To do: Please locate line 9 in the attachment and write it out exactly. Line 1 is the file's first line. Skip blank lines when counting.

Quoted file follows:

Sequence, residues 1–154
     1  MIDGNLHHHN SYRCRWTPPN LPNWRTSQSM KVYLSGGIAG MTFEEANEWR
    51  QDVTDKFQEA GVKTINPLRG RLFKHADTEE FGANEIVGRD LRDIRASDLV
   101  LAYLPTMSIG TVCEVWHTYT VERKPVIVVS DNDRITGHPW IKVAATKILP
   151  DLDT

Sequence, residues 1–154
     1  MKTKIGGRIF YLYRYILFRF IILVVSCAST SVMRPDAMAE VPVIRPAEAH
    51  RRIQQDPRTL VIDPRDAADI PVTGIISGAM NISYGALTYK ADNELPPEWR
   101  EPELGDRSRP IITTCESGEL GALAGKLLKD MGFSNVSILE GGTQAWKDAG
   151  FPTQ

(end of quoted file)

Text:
   101  EPELGDRSRP IITTCESGEL GALAGKLLKD MGFSNVSILE GGTQAWKDAG